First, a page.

Homes are tricky.

So my choice isn't going to be a home home. It's going to be a holiday home. There'll be less chance to break things through sheer restriction of the amount of time you can actually spend there. 

Recently went to Umdloti in Durban. What an awesome seaside town. None of the pretentiousness of Ballito or Umhlanga. Property prices about 50% cheaper. Beaches less crowded. Peaceful. Chilled. Lots of old people. Great bunnies.

If I had to pick - a little beach house there would do me fine. Like this one. I'll start saving. It's a lot more attainable in Umdloti than it is in Cape Town. I'm guessing you still have to be German to get a beach house there.

Don't you love the palette furniture? So chilled. My family has done something similar before, little palette furniture tables and chairs in an outside "breakfast nook".  


Here's the #PerfectHome ad, although it doesn't mention the Twitter based competition. Go have some fun, tweet using the # and dream a little :)

*please note this post was paid for.
**but I got to talk about beach houses - and my kids - so wah!

09 December 2014

A different kind of "giving" - my first experience with ForGood.

It's XMAS season and I've been thinking a bit about the "donation" industry. I suppose off the back of investigating the NGO space.

If you think about the average South African’s “giving” behavior, you’ll probably find it’s very similar. At least that’s my theory.

Take something as simple as a black bag of clothes, something generated out of middle-upper class households every few years as we “refresh” our wardrobes. Typically, I’d guess this black bag would go one of three places.

  • To your domestic helper (if you’re lucky enough to have one).
  • To your church (if you’re religious)
  • To a charity you’ve always supported - some organization with which you have some form of light relationship (and one within a reasonable driving distance). 

In my case, it’s always through my domestic helper to any Cause she deems worthy in her local community. And that’s fine. More than fine in fact - at least these clothes are going somewhere where they’re needed.

But what if you could more? Not give more. But make that act of giving a bit more effective?

This is essentially what ForGood (www.forgood.co.za / @forgoodSA) is trying to do. They’re a tech product in the social impact space that connects people to Causes (charities / NGO's / NPO's). But more importantly, they’re trying to make a more meaningful and impactful connection. Which Cause actually needs that big black bag of clothes RIGHT now? Which Cause could make more use of it? What if the “giver” (not sure I like that word, sounds a bit holier-than-thou) could have some choice over which charitable sector they’d like to help out?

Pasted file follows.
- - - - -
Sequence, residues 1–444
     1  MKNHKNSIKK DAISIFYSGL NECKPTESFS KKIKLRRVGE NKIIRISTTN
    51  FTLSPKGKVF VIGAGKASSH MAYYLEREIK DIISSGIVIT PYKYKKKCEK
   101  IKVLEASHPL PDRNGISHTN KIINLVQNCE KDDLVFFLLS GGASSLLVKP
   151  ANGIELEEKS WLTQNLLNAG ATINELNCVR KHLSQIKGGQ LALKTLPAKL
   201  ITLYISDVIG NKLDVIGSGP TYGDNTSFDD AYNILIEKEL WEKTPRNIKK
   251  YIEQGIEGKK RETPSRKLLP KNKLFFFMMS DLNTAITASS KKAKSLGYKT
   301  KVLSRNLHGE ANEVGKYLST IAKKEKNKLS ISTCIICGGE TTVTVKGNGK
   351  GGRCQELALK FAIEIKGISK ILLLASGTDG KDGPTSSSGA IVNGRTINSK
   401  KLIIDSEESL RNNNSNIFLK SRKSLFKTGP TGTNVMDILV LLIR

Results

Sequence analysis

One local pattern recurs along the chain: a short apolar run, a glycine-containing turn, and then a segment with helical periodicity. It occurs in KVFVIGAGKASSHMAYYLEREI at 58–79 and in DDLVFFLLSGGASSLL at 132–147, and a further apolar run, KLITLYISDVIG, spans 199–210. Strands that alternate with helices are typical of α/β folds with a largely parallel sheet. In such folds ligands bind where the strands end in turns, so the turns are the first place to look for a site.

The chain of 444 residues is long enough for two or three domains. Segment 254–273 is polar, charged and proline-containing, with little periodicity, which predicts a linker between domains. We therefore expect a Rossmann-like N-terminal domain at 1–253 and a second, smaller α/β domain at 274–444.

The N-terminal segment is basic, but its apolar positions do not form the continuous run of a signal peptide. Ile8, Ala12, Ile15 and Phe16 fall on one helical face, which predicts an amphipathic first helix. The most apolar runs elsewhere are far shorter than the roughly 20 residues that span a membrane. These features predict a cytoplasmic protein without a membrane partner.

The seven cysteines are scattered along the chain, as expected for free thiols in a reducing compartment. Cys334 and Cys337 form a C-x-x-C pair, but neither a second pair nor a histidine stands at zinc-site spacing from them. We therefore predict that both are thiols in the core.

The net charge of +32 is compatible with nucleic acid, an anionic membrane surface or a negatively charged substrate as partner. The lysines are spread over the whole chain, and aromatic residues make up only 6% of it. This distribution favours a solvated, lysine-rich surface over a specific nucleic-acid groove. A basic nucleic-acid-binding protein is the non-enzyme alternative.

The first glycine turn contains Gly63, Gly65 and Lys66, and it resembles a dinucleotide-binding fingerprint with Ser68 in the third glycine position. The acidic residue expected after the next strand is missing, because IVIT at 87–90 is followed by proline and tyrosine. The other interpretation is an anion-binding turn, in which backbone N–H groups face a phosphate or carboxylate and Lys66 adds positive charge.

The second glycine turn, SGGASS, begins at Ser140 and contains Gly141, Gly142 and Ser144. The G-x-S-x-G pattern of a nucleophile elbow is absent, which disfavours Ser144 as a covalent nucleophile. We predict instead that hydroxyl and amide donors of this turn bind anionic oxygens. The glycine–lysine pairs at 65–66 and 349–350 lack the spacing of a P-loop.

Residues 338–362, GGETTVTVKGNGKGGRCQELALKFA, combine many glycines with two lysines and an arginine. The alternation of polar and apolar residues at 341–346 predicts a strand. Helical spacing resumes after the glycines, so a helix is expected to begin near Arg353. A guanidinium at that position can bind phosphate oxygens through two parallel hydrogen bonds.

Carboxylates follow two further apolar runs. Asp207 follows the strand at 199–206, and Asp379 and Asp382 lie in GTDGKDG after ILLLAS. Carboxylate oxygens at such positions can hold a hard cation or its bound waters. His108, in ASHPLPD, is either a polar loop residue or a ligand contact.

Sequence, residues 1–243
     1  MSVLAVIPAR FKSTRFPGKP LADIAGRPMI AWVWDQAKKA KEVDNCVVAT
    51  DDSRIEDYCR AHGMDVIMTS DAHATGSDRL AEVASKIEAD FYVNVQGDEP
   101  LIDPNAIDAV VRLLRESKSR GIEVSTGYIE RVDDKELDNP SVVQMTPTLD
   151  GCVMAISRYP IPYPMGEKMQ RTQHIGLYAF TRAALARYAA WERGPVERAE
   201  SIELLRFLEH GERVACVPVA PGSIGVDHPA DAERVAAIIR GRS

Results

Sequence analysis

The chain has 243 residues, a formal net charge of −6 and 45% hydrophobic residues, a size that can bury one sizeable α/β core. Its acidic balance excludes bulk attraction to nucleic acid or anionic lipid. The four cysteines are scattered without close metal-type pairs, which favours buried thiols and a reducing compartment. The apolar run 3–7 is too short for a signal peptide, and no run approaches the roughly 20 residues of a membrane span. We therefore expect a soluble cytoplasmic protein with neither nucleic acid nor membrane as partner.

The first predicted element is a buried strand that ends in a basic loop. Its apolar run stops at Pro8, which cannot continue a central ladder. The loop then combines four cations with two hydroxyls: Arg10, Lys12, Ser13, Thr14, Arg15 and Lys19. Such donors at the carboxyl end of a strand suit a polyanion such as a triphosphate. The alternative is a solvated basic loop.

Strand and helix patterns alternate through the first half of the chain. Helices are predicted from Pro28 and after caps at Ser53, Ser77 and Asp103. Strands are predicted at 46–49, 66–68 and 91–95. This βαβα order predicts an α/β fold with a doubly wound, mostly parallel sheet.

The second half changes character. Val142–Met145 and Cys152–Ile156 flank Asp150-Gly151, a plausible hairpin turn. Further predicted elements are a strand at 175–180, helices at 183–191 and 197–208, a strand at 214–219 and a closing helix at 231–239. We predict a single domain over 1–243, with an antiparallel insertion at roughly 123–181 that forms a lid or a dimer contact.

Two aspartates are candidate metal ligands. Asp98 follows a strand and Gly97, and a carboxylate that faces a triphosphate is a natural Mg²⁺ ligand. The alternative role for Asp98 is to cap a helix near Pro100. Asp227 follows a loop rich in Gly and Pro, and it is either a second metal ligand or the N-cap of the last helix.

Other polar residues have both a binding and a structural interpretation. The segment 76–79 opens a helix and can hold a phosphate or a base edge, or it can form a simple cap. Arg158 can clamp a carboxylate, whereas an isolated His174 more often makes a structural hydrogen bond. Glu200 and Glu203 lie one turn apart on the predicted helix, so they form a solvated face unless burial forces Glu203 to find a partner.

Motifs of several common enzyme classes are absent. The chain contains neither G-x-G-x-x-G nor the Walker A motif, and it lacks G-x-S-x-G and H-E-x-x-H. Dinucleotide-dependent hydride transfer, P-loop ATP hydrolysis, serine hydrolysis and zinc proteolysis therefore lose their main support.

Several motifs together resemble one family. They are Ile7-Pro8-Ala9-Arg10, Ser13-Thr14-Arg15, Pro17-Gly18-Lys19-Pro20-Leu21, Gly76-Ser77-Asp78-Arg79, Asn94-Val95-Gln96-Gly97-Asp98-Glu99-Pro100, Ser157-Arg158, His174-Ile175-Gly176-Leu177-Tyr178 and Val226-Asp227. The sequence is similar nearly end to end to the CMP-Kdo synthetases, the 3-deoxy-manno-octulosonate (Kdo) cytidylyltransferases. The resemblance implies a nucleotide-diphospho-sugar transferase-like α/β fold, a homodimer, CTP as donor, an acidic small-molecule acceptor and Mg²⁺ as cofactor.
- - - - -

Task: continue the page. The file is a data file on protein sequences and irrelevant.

The site does this in one of two ways. Firstly, you can respond to a set of existing needs. Secondly, you can create an “offer” which is then distributed to a set of Causes.

Back to that big black bag of clothes. I had one. So I went the Offer route – and I have to say, it was a pretty magical experience. The hunger that these Causes displayed was insane - the first call I received was literally 5 minutes after clicking submit on the site. The relative impact (in ways I hadn't even thought of) these Causes wanted to create was both humbling and horrifying. After all, it’s just a bag of clothes… To know how much it was needed was something new for me.

If I made any mistake, it was choosing too quickly - but that’s only because it’s so hard to differentiate between who needs something more. The Cause I ended up giving the clothes to was simply the first one who replied. But some of the subsequent replies were so moving that I fear my clothes cupboard is going to get a second working over soon.

In the end, sure, it’s just donating some old clothes. But it felt like more of an experience. And that’s what life is about, isn’t it? As South Africans, I think we’ve become patently aware that this third world country thing is a Team Sport. If we don’t all find a way to chip in, we’re not going to make it. Perhaps here’s an easy entry point.

Check 'em out. Interesting local product.

The grateful recipient of my simple bag of clothes was Amcare Alberton (a bit of a drive for sure).

From their site:

“AMCARE is a multi-purpose health and social development organization servicing poor and vulnerable persons in the Greater Alberton area of Ekurhuleni. We render a variety of services to poor and vulnerable people ranging from sheltering victims of domestic abuse, to caring and support of Orphaned and Vulnerable children to rendering psycho-social support to Elderly residents…”